While they may be a little light at the position numbers-wise, all five of these guys look to have what it takes to be legitimate playmakers on a consistent basis.

4. Running back Ronald Jones made the team

NFL: Kansas City Chiefs at Chicago Bears Mike Dinovo-USA TODAY Sports

I'll admit it — I had Ronald Jones written off this roster. Even after a nice performance in the third preseason game against the Green Bay Packers, I still didn't think it would be enough to save him. I was wrong.

Time will tell whether or not Jones sticks on the roster or if he is this year's CJ Spiller, who was cut and re-signed numerous times over the course of the 2017 season.

Even if Jones is on the 53-man roster, it's hard to see a scenario where he dresses for the 48-man active gameday roster. This fact was pointed out to me by fellow staff writer Jared Sapp during a conversation we had yesterday. So long as Clyde Edwards-Helaire is healthy, he will start the season as the team's number one back, followed up by rookie Isiah Pacheco (who also pulls double duty as the teams kick returner) and then Jerick McKinnon, who has value in pass protection as well as a ball carrier.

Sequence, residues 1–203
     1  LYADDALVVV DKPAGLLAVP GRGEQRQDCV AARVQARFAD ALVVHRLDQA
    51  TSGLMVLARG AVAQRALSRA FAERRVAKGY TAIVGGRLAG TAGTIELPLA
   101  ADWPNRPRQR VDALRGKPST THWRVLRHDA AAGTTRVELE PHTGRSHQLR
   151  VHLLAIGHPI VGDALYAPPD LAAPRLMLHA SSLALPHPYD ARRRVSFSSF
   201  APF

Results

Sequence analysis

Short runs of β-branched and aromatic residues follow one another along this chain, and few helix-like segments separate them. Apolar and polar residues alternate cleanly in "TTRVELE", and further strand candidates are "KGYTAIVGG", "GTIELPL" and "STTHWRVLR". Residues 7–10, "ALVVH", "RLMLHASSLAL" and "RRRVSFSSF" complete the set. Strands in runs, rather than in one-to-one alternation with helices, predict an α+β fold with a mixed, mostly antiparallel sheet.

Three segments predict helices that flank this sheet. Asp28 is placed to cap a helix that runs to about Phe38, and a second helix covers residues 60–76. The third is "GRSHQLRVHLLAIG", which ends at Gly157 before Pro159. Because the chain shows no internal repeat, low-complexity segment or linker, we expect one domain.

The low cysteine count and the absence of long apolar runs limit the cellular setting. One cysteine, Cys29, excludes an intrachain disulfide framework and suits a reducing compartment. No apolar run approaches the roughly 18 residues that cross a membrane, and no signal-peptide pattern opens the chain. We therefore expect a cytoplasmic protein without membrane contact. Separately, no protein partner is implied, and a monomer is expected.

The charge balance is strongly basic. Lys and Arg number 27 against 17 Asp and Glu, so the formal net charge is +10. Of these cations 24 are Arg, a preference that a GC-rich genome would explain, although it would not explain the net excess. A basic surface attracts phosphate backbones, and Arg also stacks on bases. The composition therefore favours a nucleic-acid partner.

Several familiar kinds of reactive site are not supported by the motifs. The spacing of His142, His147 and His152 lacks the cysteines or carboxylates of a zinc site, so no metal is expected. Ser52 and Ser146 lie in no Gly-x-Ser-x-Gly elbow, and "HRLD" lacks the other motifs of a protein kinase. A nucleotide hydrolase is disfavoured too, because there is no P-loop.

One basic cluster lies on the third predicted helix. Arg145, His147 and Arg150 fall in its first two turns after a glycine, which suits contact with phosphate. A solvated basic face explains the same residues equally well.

It is worth remembering that both Edwards-Helaire and McKinnon have a history of missing time due to injury, so there is a good possibility that Jones will get a shot at some point this season. We're just pretty sure it won't be Week 1.

5. What about the right tackle?

NFL: Kansas City Chiefs at Washington Football Team Geoff Burke-USA TODAY Sports